R (Faulkner) v. Secretary of State for Justice was heard with R (Sturnham) v. Parole Board. The judgment of the Supreme Court in the conjoined cases (to which I shall refer as "Faulkner") is reported at  2 WLR 1157. In the first case, Faulkner was given a life sentence for a second serious offence pursuant to s109 of the Powers of Criminal Courts (Sentencing) Act 2000. Following expiry of the minimum term set by the trial judge, the Parole Board twice recommended that he should be transferred to open conditions but, on each occasion, that recommendation was rejected by the Secretary of State. A further reconsideration by the Parole Board had to be aborted because of a delay by the Secretary of State in referring his case to the Board, resulting in a delay in the complete dossier of reports being provided to the Parole Board. When the hearing eventually took place, the Parole Board directed his release on licence. He sought judicial review of the failure of the Parole Board and the Secretary of State to conduct a review of his detention earlier, in breach of Article 5(4). He also contended that his continued detention after the date when his case ought to have been heard by the Parole Board constituted false imprisonment and/or a violation of Article 5(1). In the second case, Sturnham was convicted of manslaughter and sentenced to an indeterminate term of imprisonment for public protection pursuant to s225 of the Criminal Justice Act 2003. His case was referred to the Parole Board in anticipation of the expiry of the minimum term set by the trial judge, but as a result of administrative errors the necessary reports were not supplied to the board in time. However, following a hearing in May 2010, about a year later, the Parole Board declined to order his release on licence. He sought a judicial review of that decision and a declaration of infringement of his rights under Article 5(4). The relevant finding, dismissing cross-appeals by the applicant in each case, was to the effect that where the detention of a prisoner was prolonged as a result of a delay in the consideration of this case by the Parole Board, in violation of Article 5(4), that was not in itself a violation of Article 5(1) in the absence of exceptional circumstances warranting the conclusion that his continued detention had become arbitrary. The administrative errors which had resulted in delay were not of such a character and the delay was not of such a degree as to drive one to the conclusion that there had been a violation of Article 5(1).
 Before turning to consider the judgments in that case it is important to note two points in particular. First, the case was concerned not with complaints about lack of access to rehabilitation courses but with complaints about lack of any effective review by the Parole Board for certain periods (because of a failure to refer and a failure to put the relevant documentation before the Board). So the subject matter is different. Secondly, the claimants in each case sought an award of damages for loss of liberty, on the basis that had they had an effective review by the Parole Board earlier than they did they would have been released earlier. Again, that is different from James (Strasbourg). Neither of those points arose in James (Strasbourg), where damages were awarded for breach of Article 5(1) for feelings of distress and frustration resulting from continued detention without access to rehabilitative courses: see per Lord Reed at para 22 - 23. As a result, the issues considered by the Strasbourg court in James (Strasbourg) did not arise for decision in Faulkner.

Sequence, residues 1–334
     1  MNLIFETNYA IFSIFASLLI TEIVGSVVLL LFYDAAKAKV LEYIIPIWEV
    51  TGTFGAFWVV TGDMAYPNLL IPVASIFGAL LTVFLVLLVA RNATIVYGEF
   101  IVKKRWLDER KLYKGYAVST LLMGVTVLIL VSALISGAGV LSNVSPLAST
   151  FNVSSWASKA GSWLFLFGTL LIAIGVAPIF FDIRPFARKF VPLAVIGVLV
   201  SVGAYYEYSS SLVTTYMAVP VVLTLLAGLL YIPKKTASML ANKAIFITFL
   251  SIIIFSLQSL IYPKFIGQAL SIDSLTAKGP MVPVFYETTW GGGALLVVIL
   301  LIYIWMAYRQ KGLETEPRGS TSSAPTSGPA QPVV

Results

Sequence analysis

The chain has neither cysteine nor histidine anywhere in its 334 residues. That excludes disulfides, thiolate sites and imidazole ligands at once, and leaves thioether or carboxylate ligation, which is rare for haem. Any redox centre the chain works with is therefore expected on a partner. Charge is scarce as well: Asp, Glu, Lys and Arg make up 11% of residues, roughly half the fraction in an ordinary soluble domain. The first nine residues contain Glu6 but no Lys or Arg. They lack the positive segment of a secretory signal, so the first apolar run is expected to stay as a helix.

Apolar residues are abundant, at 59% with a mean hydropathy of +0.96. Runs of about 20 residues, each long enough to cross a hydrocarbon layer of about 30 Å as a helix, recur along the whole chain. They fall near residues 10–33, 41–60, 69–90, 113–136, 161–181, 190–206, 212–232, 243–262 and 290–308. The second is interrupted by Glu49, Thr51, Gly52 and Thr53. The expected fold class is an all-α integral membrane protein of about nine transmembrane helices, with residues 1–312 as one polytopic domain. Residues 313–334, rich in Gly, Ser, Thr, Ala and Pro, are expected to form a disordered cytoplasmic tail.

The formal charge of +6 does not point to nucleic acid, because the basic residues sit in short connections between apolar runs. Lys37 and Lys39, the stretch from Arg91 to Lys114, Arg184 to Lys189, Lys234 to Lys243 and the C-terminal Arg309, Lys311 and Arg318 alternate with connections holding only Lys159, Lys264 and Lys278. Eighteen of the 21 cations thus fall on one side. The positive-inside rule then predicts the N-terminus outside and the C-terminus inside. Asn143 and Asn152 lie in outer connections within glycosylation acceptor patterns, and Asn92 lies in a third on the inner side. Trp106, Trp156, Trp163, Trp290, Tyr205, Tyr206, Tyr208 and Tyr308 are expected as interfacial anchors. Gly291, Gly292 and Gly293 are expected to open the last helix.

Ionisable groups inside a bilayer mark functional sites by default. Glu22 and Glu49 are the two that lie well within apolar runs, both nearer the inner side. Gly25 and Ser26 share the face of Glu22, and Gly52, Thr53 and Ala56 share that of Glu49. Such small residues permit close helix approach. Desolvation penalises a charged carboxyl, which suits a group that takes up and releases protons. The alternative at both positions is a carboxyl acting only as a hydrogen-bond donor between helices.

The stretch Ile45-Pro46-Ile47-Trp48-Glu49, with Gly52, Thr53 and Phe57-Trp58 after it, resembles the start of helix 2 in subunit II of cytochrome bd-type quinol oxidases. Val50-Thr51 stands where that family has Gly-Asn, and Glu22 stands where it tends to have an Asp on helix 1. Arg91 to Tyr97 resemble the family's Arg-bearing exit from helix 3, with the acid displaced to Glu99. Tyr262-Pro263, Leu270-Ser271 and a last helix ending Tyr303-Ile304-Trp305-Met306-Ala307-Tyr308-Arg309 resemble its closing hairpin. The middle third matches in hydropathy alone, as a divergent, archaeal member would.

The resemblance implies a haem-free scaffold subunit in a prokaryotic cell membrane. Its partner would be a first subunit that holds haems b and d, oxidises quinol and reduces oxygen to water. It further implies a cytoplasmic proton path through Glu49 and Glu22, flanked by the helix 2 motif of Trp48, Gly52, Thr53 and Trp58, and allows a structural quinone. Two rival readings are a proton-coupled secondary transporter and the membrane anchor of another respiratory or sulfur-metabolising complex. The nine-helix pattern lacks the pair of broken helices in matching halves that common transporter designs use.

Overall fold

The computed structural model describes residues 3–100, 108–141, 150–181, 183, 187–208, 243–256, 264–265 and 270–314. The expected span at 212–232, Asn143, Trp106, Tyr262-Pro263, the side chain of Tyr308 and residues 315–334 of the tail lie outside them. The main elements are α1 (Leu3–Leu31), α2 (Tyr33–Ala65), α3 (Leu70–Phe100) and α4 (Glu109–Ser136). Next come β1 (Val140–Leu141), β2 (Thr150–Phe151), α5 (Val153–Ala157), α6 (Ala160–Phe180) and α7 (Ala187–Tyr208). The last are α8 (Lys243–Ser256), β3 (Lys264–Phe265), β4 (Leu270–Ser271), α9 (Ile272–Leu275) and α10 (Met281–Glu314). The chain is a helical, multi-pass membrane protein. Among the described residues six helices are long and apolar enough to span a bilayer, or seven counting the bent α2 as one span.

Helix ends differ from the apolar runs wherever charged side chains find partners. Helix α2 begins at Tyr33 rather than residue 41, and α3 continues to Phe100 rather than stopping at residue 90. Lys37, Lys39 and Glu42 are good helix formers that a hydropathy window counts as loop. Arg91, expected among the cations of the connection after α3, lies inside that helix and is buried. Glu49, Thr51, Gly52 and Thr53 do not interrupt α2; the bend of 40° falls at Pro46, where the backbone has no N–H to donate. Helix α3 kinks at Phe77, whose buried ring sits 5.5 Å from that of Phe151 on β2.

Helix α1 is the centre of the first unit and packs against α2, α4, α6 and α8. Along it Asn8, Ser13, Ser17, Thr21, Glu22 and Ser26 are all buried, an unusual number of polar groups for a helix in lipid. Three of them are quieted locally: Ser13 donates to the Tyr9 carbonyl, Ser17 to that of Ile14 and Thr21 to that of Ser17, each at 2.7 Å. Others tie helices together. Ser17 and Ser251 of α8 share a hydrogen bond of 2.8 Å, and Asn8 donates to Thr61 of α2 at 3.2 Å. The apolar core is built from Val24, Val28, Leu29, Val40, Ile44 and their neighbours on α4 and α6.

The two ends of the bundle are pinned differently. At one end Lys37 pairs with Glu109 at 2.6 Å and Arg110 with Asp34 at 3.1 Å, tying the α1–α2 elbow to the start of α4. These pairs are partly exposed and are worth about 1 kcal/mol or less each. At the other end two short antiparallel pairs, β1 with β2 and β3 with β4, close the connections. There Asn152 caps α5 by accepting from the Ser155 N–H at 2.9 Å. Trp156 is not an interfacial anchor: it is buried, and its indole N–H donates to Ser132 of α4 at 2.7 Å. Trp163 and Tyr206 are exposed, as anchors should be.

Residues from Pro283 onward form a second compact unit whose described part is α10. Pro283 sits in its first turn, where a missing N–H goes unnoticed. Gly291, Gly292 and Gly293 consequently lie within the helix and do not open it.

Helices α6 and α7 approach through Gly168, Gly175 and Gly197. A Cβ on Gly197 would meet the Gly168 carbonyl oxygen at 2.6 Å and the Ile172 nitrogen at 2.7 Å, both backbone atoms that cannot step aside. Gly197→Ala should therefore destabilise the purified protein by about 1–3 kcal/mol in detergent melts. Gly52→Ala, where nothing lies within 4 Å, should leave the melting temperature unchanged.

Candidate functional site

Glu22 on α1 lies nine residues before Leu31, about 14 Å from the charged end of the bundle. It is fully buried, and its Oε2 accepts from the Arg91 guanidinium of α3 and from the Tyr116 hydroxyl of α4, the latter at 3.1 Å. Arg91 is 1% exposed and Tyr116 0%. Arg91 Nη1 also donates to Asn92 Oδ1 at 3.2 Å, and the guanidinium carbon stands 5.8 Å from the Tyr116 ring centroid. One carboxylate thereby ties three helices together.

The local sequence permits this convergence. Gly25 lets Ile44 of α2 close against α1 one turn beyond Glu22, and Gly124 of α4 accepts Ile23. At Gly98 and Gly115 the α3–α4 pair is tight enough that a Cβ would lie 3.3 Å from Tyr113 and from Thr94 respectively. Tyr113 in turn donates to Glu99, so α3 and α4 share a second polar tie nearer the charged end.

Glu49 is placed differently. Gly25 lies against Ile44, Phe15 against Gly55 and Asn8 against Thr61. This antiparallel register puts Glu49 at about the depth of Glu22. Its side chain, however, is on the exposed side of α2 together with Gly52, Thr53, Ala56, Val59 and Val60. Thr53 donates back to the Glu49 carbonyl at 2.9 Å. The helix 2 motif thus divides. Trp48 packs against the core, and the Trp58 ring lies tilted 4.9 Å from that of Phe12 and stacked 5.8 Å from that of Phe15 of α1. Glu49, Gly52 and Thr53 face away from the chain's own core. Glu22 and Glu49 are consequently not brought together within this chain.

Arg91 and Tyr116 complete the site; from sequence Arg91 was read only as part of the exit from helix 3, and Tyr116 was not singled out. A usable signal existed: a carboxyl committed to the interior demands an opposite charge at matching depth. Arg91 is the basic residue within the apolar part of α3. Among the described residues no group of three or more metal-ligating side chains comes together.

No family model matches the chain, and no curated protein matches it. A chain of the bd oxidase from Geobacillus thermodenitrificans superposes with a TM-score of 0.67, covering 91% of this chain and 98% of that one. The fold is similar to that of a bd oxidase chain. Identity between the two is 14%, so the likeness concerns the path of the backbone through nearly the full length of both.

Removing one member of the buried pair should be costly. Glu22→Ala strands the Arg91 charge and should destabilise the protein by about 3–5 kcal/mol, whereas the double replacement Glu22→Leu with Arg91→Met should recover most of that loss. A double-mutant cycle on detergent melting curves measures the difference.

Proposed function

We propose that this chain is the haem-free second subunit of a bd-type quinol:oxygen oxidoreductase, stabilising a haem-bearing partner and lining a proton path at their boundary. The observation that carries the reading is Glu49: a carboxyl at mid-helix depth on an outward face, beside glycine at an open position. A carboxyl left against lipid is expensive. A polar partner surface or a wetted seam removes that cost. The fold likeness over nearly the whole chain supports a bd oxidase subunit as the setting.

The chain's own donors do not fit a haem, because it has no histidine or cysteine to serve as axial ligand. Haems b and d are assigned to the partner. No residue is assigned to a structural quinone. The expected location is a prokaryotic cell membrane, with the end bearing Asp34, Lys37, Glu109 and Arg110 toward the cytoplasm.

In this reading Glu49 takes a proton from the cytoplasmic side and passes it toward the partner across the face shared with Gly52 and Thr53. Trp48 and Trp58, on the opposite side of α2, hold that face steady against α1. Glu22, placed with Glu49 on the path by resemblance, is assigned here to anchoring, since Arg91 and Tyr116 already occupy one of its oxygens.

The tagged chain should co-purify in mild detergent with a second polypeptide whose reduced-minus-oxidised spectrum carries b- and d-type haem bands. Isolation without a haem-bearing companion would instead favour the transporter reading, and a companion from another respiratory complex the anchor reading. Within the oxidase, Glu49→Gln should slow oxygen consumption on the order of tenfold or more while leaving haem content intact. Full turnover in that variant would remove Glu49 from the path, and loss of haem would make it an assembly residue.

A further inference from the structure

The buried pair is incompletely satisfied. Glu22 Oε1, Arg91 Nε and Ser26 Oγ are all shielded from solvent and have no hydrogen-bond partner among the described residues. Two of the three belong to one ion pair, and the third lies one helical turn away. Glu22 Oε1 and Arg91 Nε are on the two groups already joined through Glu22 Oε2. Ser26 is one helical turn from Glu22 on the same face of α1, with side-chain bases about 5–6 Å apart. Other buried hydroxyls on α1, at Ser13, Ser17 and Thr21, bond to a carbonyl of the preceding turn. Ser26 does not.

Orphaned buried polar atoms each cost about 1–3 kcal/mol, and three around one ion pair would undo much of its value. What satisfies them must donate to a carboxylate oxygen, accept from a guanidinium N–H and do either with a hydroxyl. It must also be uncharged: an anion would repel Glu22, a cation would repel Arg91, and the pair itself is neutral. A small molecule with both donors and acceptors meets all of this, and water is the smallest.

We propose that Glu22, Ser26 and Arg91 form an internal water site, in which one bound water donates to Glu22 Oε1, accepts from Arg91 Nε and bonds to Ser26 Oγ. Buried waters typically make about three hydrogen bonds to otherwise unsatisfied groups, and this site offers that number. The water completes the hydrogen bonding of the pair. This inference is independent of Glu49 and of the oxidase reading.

The leading judgment in Faulkner was given by Lord Reed, with whom (on the issues relevant to this case) all of the other justices agreed. In para 13 he summarised his conclusions in this way (I select only those of potential relevance to the current issue):
"13 It may be helpful at this point to summarise the conclusions which I have reached.
1. A prisoner whose detention is prolonged as a result of a delay in the consideration of his case by the Board, in violation of article 5.4 of the Convention, is not the victim of false imprisonment.
2. Nor is he ordinarily the victim of a violation of article 5.1 of the Convention: such a violation would require exceptional circumstances warranting the conclusion that the prisoner's continued detention had become arbitrary.